Members of the WHO team in protective gear.

WHO investigators visit sites in China as part of their probe into the pandemic’s origins.Credit: Hector Retemal/AFP/Getty

Following a month-long fact-finding mission in China, a World Health Organization (WHO) team investigating the origins of the COVID-19 pandemic concluded that the virus probably originated in bats and passed to people through an intermediate animal. But fundamental questions remain about when, where and how SARS-CoV-2 first infected people.

As the international WHO team finalizes a report of its findings, which is expected next week, Nature speaks to four of the investigators about what they still want to know.

Was the virus circulating in Wuhan before the first known cases?

To trace the virus’s origin, it’s crucial to pin down exactly when the first cases occurred in people. The WHO team established that the first person known to have COVID-19 was an office worker in Wuhan with no recent travel history, who began showing symptoms on 8 December 2019, says Peter Ben Embarek, a food-safety scientist at the WHO in Geneva, Switzerland, who led the investigation. But the virus was probably spreading in the city before that, because it was well-established by later that month, he says.

Yet evidence of earlier spread has proved elusive. Researchers in China conducted an extensive survey of patient reports from hospitals in Wuhan made between October and December 2019, and identified fewer than 100 people who had symptoms of COVID-19. They then tested the blood of 67 of those people for antibodies generated by past infection with SARS-CoV-2, but found none. This suggests there wasn’t a large cluster of infections before December, or an unusual spike in deaths in the surrounding province of Hubei.

But Ben Embarek says the analysis should be repeated using less restrictive symptom criteria, to make sure that researchers spot all potential COVID-19 cases.

Scientists in China should also search for evidence of past infection in some 200,000 archived samples currently held at the Wuhan Blood Center and in other regions across China, says team member Dominic Dwyer, a medical virologist at New South Wales Health Pathology in Sydney, Australia. This would show whether the virus was spreading in the general population in China — not just among people who went to health facilities — before December 2019.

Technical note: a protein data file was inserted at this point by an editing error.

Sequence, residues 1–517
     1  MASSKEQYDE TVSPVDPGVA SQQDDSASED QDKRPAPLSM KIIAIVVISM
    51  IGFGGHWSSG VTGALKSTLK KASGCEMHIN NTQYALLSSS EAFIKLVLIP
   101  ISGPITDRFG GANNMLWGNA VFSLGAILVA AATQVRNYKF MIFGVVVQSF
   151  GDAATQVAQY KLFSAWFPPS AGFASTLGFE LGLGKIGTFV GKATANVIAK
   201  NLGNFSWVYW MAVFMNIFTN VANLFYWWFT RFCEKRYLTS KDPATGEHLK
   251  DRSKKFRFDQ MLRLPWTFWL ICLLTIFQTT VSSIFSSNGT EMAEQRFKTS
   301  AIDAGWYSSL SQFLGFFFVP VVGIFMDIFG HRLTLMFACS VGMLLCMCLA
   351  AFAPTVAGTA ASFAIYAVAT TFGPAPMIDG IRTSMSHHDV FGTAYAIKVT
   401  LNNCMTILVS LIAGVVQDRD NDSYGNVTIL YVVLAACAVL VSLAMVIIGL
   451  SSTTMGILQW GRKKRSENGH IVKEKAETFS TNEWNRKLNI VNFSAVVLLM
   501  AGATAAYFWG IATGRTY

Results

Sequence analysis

Some scientists not involved in the WHO investigation have already looked at blood-bank samples taken up to a year before the pandemic, in Guangzhou, southern China. (Close relatives of SARS-CoV-2 have been found in bats and pangolins in southern China.) Some of the samples tested positive for antibodies against SARS-CoV-2, but Ian Lipkin, an infectious-diseases researcher at Columbia University in New York City, who worked on the analysis, says the test was not specific enough to say for sure that the antibodies weren’t caused by infection with other viruses. “There is a lot of laboratory work that needs to be done that hasn’t been done,” says Lipkin, who also wants to know whether there are autopsy samples from before December 2019 that could be studied for traces of viral genetic material.

Was the virus spreading in people outside China before December 2019?

Answering this question is also key to establishing the timeline of the first COVID-19 cases. Previously, researchers in Europe have reported1,2,3 finding antibodies against SARS-CoV-2 in samples taken at blood banks from November 2019 onwards.

Ben Embarek says this doesn’t necessarily suggest the virus originated in Europe, but supports the idea that it was spreading in Wuhan before the first known cases. “Wuhan at that time was a very well-connected international city with direct flights to the entire planet on a daily basis. So if it was circulating in Wuhan, it could easily have been brought to other parts of the world through travellers, and circulating again, undetected, in different regions,” he says.